Market Presence. The final sales tally of the –300 at 55 represented a disappointment for Boeing but it is interesting that the B797 is now targeting a portion of this seating capacity. The limited number of deliveries needs to be placed into the context of an overall successful B757 program. With amortized development costs for the B757-200 no longer an issue, the potential profit margin for Boeing increased such that the manufacturer was able to extract between $2-8m profit from sales. Assuming that the cost of developing the –300 was only around $100-150m, then only between 40-50 sales were required to breakeven. Sales of the –300 at around 55 were limited but eliminated a significant portion of the development cost (notwithstanding launch customer discounts). The lack of orders from the operating lessors (GECAS however tends to order aircraft powered by GE engines) underlined the difficulties of the -300.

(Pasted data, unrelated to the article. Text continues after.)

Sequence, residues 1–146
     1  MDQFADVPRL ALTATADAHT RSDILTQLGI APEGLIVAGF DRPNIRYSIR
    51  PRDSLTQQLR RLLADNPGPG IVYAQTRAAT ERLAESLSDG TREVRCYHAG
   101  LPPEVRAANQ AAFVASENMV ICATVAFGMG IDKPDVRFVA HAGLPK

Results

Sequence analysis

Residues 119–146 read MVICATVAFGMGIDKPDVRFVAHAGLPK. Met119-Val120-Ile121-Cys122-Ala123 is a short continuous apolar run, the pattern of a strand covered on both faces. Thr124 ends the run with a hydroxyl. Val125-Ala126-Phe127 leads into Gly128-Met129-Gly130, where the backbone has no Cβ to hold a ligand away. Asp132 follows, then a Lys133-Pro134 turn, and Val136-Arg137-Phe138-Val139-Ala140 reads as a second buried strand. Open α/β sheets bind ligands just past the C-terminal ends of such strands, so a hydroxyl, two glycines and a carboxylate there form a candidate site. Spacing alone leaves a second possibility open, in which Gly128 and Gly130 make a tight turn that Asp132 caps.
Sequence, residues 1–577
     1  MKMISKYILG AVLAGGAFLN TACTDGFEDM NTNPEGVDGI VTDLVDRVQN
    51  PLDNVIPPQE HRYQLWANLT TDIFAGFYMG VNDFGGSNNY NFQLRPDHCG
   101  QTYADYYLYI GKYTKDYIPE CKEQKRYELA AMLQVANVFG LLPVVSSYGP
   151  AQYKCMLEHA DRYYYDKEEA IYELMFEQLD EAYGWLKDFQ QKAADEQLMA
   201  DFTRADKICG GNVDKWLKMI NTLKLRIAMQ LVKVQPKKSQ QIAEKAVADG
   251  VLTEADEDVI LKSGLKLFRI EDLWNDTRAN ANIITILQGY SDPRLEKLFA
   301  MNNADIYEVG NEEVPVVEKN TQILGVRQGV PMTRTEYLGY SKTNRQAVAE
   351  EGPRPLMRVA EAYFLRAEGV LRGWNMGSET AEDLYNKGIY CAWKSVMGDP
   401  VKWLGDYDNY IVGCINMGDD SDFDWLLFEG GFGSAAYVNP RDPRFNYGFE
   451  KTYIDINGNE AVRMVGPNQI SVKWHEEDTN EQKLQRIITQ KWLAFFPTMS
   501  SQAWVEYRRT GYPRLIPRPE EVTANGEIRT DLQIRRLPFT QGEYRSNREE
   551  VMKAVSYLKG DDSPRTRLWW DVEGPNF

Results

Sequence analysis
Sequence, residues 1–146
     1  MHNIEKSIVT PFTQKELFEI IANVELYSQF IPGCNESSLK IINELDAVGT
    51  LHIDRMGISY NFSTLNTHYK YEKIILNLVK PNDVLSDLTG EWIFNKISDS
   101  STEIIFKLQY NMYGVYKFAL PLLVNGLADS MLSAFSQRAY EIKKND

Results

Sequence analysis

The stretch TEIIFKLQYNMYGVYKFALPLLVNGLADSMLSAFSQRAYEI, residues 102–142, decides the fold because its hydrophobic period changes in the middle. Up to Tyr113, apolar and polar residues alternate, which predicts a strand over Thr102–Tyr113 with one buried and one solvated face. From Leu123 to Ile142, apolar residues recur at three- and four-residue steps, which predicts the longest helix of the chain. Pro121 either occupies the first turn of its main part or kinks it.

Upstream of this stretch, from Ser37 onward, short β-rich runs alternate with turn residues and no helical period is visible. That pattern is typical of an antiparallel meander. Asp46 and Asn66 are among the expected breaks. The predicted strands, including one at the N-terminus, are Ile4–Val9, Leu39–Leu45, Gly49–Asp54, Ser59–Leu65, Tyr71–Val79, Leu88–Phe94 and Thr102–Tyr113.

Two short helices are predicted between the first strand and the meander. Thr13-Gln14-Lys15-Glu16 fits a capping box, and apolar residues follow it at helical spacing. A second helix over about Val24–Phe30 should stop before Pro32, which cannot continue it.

Market Outlook. Strong residual values depend on being able to remarket an aircraft to the widest range of operators, both current and potential. Charter operators may consider a short term lease for a -300 as a means of meeting unexpected demand. The larger -300 also proves problematical and costly in seeking a reconfiguration. While the B757-300 allows considerable interior flexibility, extra seats may be a costly issue. The behavoir of B757-300 values has been disappointing and it is considered that values will continue to be lack luster but relatively stable. There may be a temptation to consider that the willingness of a few or single operator to acquire the aircraft should be used as the basis for the value but such a premium needs to be seen in the context of then seeking to sell the same aircraft to another operator – something that will be challenging.